After Bashar al-Assad, the Deluge

10 posts

Niccolo and Donkey

Foreign Policy

Robert D. Kaplan

April 21, 2011


The late Princeton scholar Philip K. Hitti called Greater Syria -- the historical antecedent of the modern republic -- "the largest small country on the map, microscopic in size but cosmic in influence," encompassing in its geography, at the confluence of Europe, Asia, and Africa, "the history of the civilized world in a miniature form ." This is not an exaggeration, and because it is not, the current unrest in Syria is far more important than unrest we have seen anywhere in the Middle East.

"Syria" was the 19th-century Ottoman-era term for a region that stretched from the Taurus Mountains of Turkey in the north to the Arabian Desert in the south, and from the Mediterranean Sea in the west to Mesopotamia in the east. Present-day Syria, Lebanon, Jordan, Israel, western Iraq, and southern Turkey were all included in this vast area. In other words, the concept of "Syria" was not linked to any specific national sentiment. The collapse of the Ottoman Empire at the end of World War I led to Greater Syria being carved into a half-dozen states. Although territory had been cut away on all sides, the rump French mandate of "Syria" that came into existence, nevertheless, contained not only every warring sect and regional and tribal interest, but also the spiritual headquarters in the capital Damascus of the pan-Arab movement, whose aim was to erase all the state borders that the Europeans had just created.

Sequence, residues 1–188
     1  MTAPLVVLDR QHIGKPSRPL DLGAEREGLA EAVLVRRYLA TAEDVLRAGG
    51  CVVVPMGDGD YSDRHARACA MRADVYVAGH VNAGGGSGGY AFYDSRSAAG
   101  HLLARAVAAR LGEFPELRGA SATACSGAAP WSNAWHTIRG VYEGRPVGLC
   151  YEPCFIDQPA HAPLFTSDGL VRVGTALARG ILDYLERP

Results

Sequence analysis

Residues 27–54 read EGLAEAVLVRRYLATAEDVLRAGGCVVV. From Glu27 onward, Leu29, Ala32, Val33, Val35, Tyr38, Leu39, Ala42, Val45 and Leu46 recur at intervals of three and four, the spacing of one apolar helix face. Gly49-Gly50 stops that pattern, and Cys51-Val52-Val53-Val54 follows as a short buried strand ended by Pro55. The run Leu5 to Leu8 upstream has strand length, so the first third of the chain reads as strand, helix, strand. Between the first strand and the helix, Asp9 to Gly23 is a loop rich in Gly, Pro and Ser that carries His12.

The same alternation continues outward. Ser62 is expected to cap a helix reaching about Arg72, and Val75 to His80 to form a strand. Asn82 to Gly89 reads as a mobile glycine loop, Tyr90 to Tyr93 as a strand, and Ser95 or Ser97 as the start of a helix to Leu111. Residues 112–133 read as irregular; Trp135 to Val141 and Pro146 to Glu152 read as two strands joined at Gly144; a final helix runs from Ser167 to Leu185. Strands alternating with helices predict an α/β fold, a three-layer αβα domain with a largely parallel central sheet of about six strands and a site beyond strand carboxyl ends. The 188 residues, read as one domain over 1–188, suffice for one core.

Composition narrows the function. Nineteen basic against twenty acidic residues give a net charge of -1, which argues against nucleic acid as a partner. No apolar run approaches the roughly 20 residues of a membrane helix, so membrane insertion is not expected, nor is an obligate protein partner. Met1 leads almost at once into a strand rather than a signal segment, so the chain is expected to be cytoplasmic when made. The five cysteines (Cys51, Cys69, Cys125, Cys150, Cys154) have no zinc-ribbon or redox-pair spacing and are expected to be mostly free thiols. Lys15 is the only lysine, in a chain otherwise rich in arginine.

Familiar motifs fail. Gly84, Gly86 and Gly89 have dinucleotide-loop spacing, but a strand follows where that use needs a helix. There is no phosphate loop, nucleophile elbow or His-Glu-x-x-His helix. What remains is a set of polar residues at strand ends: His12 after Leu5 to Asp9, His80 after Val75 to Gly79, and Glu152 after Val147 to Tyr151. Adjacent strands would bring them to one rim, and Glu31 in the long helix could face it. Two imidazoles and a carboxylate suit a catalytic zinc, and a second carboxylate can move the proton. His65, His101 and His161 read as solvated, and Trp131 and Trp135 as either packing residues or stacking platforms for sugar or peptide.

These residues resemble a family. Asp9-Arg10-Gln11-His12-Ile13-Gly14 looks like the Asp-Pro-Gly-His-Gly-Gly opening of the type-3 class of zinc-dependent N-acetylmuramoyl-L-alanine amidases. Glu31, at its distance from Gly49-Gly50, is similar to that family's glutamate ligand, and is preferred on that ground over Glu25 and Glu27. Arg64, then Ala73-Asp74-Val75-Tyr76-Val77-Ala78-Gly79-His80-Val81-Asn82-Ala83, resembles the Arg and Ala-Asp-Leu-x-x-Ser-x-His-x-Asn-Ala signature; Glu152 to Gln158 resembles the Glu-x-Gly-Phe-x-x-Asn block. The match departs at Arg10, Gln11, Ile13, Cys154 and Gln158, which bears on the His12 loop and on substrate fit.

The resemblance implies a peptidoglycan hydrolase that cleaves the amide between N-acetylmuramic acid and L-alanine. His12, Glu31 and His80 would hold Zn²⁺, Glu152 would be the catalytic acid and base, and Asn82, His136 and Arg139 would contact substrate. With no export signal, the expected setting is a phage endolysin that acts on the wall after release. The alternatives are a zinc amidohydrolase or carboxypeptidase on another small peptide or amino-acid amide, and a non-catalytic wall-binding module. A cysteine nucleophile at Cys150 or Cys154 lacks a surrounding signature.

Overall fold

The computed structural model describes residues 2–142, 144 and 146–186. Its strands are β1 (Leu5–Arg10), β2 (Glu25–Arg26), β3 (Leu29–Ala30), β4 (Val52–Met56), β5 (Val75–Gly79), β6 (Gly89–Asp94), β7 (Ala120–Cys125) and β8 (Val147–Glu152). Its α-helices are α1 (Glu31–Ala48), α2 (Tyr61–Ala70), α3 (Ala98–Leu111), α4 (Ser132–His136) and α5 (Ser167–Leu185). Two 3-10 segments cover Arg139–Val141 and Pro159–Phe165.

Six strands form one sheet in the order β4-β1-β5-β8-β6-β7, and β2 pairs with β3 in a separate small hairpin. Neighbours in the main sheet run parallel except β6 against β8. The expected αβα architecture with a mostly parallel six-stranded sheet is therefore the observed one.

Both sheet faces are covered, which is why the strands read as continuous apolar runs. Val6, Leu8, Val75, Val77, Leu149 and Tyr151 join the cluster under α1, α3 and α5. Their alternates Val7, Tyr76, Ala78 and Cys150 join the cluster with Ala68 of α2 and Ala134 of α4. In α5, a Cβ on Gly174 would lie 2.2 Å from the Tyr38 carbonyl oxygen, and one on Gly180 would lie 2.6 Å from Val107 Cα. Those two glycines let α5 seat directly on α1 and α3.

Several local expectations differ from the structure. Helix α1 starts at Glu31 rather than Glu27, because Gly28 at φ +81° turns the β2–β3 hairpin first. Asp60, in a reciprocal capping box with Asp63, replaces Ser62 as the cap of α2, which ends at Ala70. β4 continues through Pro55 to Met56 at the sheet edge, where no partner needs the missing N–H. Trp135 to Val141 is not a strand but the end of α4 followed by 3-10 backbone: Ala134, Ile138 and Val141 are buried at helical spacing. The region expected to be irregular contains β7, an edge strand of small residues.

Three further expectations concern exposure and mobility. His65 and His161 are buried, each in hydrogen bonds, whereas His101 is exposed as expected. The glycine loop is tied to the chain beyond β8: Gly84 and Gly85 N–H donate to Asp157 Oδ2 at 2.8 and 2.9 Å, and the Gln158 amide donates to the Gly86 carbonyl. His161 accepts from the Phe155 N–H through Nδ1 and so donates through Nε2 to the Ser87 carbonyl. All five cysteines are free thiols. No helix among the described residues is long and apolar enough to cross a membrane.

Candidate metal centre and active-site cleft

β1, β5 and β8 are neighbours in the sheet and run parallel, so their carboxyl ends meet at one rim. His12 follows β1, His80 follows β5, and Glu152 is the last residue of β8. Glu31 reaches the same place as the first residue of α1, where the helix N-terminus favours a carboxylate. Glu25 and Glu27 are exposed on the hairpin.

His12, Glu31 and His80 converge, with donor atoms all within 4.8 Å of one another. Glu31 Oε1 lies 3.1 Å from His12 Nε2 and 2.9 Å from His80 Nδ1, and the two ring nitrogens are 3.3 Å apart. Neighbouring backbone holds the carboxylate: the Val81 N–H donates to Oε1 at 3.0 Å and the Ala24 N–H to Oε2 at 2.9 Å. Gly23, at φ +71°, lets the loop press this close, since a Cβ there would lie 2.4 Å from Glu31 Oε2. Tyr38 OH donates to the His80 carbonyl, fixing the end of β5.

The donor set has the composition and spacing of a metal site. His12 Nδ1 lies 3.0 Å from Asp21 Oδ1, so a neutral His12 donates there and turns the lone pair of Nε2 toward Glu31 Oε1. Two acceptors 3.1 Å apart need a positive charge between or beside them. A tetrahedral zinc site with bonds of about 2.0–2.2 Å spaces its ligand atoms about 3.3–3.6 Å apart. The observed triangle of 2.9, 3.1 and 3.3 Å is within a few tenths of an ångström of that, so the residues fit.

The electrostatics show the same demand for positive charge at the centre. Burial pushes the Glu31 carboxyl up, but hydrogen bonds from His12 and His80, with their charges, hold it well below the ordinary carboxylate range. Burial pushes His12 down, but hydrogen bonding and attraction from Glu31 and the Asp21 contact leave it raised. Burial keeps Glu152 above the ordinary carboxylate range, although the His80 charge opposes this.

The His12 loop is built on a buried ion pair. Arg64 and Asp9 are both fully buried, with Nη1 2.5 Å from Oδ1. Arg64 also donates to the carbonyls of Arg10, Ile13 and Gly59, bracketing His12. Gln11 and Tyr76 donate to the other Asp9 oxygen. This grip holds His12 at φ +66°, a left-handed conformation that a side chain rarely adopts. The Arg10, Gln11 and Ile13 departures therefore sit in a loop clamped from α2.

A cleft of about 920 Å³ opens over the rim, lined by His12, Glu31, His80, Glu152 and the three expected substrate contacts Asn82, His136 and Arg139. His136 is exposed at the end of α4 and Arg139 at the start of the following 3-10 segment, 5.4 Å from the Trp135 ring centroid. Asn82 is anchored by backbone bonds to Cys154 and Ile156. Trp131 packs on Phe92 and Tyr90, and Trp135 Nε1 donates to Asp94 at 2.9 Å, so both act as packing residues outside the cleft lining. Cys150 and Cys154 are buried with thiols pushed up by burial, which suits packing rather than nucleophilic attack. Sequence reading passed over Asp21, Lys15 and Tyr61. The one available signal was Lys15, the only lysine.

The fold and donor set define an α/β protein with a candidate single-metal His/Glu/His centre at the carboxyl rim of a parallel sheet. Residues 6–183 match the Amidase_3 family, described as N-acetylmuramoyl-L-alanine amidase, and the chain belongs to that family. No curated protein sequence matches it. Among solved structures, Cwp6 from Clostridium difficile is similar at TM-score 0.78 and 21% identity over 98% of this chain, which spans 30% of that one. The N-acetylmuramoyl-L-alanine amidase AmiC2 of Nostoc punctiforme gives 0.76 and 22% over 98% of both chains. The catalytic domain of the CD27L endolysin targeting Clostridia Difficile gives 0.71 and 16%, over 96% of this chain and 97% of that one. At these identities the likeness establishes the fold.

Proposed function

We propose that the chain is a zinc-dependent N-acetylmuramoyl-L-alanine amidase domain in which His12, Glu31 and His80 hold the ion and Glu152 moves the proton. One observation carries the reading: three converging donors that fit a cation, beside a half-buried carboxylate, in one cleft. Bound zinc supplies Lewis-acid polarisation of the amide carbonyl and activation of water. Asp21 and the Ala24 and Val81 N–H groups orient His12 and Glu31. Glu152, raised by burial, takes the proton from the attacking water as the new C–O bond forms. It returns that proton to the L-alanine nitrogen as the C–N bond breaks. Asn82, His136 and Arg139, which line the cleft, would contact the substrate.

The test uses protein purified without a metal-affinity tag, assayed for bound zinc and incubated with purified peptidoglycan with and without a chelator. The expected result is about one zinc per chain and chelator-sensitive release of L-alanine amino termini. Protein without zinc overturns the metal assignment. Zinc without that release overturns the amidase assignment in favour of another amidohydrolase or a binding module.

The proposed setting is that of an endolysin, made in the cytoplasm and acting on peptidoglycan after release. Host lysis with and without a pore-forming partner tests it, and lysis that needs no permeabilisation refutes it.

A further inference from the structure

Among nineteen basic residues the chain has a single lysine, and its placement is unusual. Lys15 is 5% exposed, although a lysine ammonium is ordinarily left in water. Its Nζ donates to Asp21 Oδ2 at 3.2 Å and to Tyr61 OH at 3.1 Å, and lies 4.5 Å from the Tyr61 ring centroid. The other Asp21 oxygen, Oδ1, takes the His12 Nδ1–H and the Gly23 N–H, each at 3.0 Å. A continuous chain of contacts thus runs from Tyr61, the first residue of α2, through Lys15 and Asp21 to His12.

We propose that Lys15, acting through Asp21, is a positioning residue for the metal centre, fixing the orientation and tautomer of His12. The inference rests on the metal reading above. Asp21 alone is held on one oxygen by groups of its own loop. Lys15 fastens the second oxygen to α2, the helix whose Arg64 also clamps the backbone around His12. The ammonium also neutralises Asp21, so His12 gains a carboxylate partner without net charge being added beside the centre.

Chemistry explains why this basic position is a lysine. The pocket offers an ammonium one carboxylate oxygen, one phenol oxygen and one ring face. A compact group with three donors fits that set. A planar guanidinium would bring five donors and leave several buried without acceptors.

Pan-Arabism -- of which the post-World War II independent state of Syria claimed to constitute the "throbbing-heart" -- became a substitute for Syria's very weak national identity. Indeed, Syria's self-styled "steadfast" hatred of Israel was a way for Syrians to escape their own internal contradictions. Those contradictions were born of the parochial interests of regionally based ethnic and sectarian groups: Sunni Arabs in the Damascus-Homs-Hama central corridor; heretical, Shiite-trending Alawites in the mountains of the northwest; Druze in the south, with their close tribal links to Jordan; and Kurds, Christian Arabs, Armenians, and Circassians in Aleppo.